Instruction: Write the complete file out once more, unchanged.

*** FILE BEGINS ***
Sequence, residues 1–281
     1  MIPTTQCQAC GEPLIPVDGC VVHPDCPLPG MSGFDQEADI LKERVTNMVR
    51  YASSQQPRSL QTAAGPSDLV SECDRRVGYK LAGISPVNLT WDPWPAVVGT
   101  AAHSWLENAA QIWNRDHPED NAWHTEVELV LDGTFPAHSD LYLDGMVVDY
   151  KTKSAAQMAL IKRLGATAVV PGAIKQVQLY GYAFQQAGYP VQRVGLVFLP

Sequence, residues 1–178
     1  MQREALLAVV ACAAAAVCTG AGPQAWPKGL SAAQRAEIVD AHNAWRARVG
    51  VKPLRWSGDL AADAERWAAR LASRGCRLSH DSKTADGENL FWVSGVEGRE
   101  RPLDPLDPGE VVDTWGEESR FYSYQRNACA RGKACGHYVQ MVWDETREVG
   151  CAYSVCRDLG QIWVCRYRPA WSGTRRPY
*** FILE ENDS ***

Sequence, residues 1–281
     1  MIPTTQCQAC GEPLIPVDGC VVHPDCPLPG MSGFDQEADI LKERVTNMVR
    51  YASSQQPRSL QTAAGPSDLV SECDRRVGYK LAGISPVNLT WDPWPAVVGT
   101  AAHSWLENAA QIWNRDHPED NAWHTEVELV LDGTFPAHSD LYLDGMVVDY
   151  KTKSAAQMAL IKRLGATAVV PGAIKQVQLY GYAFQQAGYP VQRVGLVFLP

Sequence, residues 1–178
     1  MQREALLAVV ACAAAAVCTG AGPQAWPKGL SAAQRAEIVD AHNAWRARVG
    51  VKPLRWSGDL AADAERWAAR LASRGCRLSH DSKTADGENL FWVSGVEGRE
   101  RPLDPLDPGE VVDTWGEESR FYSYQRNACA RGKACGHYVQ MVWDETREVG
   151  CAYSVCRDLG QIWVCRYRPA WSGTRRPY